And that brings us to the middle. It encompasses approximately the next 50% of your book. Figure college graduation to retirement. It’s the meat of the story, and it has its own arc. This one is complete in the pages. It’s all about trial, success, failure, and renewal. The character makes a choice. Again, using mysteries as a genre, the choice is usually to take up the investigation. Something has to happen that forces your character to leave her comfy ordinary world behind and earnestly pursue an end goal. It’s time to leave the nest and venture beyond the known. The choice is also a big reason why the beginning has to be short. It’s hard to keep a reader’s interest once they have a handle on what the problem is. The reader craves action, and the middle supplies it. The middle also brings the book and the reader to the twists and turns of the plot. Two steps forward, one step backward, trial and error, red herrings and solutions to the red herrings. The middle needs two plotlines, one that shows progression toward the ultimate goal, and one that shows the forces of evil pulling the rug out from under that nice neat progression. Just like life.

The middle arc has an ending. In life it’s retirement and the new start we’ve worked so hard to attain. In plotting, it’s a disaster with the seeds of solution. The middle climaxes with the big twist. It traditionally takes place three quarters of the way into the book and it leads to the end.
The overarching character arc of the middle is also ongoing. There’s more work to be done to reach a satisfying end.

The last quarter of the book also has an arc. This one ties it all up. The protagonist builds on the knowledge gained in the twist and hatches a new plan. This part of the book moves swiftly, but deliberately to the climax. It can never feel rushed. There’s usually one more twist here. The protagonist has solved the main story problem, but there’s different problem, something personal to the character, that ups the stakes. A personal investment is at risk. And it‘s the solution to the personal investment that brings the character arc begun in the beginning of the book to a close.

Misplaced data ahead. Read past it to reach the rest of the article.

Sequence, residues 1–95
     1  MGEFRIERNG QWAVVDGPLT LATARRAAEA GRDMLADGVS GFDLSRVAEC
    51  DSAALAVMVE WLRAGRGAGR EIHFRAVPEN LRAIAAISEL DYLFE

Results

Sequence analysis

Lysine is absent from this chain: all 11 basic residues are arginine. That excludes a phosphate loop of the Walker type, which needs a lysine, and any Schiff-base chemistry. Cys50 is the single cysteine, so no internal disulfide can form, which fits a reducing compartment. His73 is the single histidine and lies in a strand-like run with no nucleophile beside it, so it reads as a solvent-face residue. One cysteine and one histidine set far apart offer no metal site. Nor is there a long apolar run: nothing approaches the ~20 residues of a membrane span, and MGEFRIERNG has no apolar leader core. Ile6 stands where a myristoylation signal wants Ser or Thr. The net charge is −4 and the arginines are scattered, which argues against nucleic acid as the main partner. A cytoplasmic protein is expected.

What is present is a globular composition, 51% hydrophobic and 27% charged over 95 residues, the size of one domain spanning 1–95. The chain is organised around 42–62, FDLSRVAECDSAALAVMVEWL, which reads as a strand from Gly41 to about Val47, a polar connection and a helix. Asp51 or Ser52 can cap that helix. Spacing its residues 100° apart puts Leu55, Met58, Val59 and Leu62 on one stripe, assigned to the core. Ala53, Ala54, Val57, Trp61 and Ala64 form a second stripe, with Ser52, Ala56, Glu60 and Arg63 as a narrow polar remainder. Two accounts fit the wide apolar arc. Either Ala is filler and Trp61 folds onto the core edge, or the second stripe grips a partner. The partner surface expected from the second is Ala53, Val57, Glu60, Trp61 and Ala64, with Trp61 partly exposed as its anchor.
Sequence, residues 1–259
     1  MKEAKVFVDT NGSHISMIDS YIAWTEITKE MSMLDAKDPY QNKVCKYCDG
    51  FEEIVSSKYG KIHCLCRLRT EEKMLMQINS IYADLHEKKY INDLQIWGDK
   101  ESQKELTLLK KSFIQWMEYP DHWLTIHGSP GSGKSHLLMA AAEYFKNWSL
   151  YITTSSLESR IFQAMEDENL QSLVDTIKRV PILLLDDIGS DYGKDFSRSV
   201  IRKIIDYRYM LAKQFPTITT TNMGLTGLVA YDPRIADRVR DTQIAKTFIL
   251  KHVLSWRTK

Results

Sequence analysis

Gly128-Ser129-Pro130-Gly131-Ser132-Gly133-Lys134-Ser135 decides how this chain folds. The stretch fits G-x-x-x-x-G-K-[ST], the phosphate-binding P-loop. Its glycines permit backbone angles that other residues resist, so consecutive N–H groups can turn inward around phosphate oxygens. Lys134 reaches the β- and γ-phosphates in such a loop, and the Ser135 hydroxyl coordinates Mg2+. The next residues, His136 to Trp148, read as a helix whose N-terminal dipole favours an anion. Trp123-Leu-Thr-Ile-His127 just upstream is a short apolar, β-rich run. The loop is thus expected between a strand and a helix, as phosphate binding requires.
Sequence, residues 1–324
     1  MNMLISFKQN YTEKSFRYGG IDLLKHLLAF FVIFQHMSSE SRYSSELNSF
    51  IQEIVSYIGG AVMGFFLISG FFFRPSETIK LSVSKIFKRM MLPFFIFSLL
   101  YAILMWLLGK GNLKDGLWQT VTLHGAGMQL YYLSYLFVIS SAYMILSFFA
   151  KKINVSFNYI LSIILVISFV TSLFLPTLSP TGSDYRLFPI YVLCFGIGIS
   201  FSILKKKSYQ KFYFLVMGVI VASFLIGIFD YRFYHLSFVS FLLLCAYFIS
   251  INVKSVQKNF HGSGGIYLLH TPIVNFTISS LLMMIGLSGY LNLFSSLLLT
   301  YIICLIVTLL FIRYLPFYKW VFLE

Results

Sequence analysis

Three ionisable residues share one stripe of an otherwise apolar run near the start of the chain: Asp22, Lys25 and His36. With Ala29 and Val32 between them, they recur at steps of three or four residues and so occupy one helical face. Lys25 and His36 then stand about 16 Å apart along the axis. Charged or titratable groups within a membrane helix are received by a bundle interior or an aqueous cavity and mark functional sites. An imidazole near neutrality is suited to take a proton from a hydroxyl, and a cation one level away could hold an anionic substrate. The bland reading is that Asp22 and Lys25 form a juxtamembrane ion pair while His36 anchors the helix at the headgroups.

The last bit of the ending is wrapping it all up. That’s not to say it’s a rehash of the story and how the protagonist got there, the reader already knows. The wrap up gives the reader a sense of closure and ties up most, but often not all, of the loose ends. It’s the sigh of a life well lived, of goals attained, dreams discovered, and moving on.

Life imitates art, a story in three acts.

What about you? Do you recognize a three-act structure in the stories you love? Do you see a three-act structure in your life?


Jim Jackson said...

I like how you use a “typical” life to illustrate the 25/50/25 proportions of the 3-act story. With a series character, such as my Seamus McCree, the arc of the story is foreshortened. Each novel or short story has its own arc, but they fit in the larger arc you described.

~ Jim

Warren Bull said...

Within one lifetime I think there can be a series of 3-arc stories, the structure works well.

Margaret S. Hamilton said...

I agree with Warren. My life has been a succession of three act stories with the best to come.

KM Rockwood said...

Interesting way to look at life! How wonderful if things could follow such a structured pattern.

Kait said...

Jim, that's interesting, and I know what you mean, with a series, you have to have a series arc and a book arc. It keeps the reader interested too. Those arcs are harder to plot though unless you have a firm idea of how many books the series will be. Perhaps that's the reason that most contracts are three books, then if the series continues on, the character needs to undergo a life changing event so the overall arc can begin anew with a new set of challenges.

Warren, and Margaret, Yes, definitely more than one three arc stories. But I think they are more in the nature of subplots than the overall arc. I know I've been through a number of "lifetimes" in my lifetime, but each is a single book in the series.

Kathleen, ain't that the truth! But look at how much excitement we'd miss out on.

Gloria Alden said...

Kait, I tend to think of my life in chapters with more chapters to come. :-) But yes there are the three acts, too, and although I hate to admit it, I'm in the last act which hopefully will be a long act.